Throughout elementary school, all of my teachers were females. Though my teachers every year changed and different teachers taught different subjects like physical education and art, all classes shared the common denominator of a “Mrs.” or “Ms.” as leader. When I entered middle school, I had my first male teacher, and I wasn’t entirely sure I liked it. There was something that seemed strange about it… out of the ordinary.
If you knew my upbringing you might be surprised at this reaction. For as long as I can remember, my parents taught both me and my sister that there is no “correct” occupation for men or women, and they enthusiastically encouraged us both to explore all sorts of subjects and pursue any type of profession. So my discomfort with a male teacher was obviously not from any societal or traditional expectation that only women should be teachers. Rather, I think now that it might have stemmed from a subconscious preference for women, since female teachers had always replaced other female teachers throughout my entire elementary school education. This process is similar to a phenomenon occurring across the country in boardrooms: a gender-matching heuristic process.
The “gender matching heuristic” is the tendency to replace a worker with a person of the same gender. For my younger self, this meant when I graduated to a new grade, I subconsciously expected that my new teacher be the same gender as my old one, which was female. Today, in the boardroom, the “gender matching heuristic” simply means that when a board member retires, there is a tendency to appoint a new person of the same gender. In “Progress on gender diversity for corporate boards: are we running the place?” Catherine Tinsley of Georgetown University, James Wade of Emory University, Brian G. M. Main of Edinburgh University, and Charles A. O’Reilly of Stanford University explore this concept.* Their study suggests that this propensity of board committees to match a retiring board member with a candidate of the same gender is a heuristic process that occurs mostly outside of people’s awareness. That is, they find that people selecting a new board member say that other criteria determined their choice—criteria such as the candidate’s years of experience on boards or their other board memberships. But when the researchers control for all these other explanations, they still find a large and significant effect for the match between the gender of the outgoing board member and the gender of the candidate that is eventually selected.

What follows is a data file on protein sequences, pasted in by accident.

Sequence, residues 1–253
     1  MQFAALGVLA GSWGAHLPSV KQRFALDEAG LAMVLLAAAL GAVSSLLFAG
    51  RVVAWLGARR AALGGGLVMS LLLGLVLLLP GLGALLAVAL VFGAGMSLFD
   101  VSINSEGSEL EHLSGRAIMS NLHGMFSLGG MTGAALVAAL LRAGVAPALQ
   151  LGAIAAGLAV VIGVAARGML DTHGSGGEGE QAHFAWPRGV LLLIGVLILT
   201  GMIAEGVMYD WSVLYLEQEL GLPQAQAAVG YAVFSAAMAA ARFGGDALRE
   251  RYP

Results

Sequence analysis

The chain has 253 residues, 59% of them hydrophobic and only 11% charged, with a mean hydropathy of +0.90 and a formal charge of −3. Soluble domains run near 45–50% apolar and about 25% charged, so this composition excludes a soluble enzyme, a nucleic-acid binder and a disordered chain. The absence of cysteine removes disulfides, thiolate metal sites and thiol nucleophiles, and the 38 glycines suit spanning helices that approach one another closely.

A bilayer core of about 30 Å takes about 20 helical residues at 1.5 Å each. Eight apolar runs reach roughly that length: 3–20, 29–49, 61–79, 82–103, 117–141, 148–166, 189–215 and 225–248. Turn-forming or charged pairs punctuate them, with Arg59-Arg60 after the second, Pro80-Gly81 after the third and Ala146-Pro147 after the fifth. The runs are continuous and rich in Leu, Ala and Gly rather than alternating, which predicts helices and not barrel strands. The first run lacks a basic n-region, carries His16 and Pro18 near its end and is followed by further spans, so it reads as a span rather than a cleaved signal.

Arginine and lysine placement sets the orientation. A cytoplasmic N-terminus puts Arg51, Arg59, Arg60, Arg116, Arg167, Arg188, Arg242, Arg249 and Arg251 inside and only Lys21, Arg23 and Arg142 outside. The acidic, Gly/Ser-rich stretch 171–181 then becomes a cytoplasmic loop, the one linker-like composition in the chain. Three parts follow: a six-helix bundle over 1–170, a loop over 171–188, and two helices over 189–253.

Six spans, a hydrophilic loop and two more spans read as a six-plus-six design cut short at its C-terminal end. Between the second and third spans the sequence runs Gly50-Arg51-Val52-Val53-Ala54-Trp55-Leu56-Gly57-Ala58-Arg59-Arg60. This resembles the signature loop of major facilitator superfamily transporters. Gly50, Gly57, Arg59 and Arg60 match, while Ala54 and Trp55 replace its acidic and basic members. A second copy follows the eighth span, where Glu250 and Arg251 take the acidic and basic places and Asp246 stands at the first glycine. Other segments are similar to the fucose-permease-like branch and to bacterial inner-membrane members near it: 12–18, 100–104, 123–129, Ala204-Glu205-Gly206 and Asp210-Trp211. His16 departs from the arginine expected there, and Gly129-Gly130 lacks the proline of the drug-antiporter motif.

Understanding the “gender matching heuristic” helps explain why women account for over half of the population, but the leadership of major industries nation wide, from Wall Street to the federal government, continues to be disproportionately dominated by men. In fact, only 16% of corporate board members are women. Although many corporations have made efforts to increase diversity on their boards, simply valuing gender diversity is not enough to actually change the status quo. People might think that having women in boards in important, but the gender matching of incoming and outgoing board members explains why there is so little increase, overall, in board composition. Although rhetoric championing gender diversity and quotas can help draw attention to the dearth of women, awareness of this heuristic matching process will play an important role in rectifying it for the future.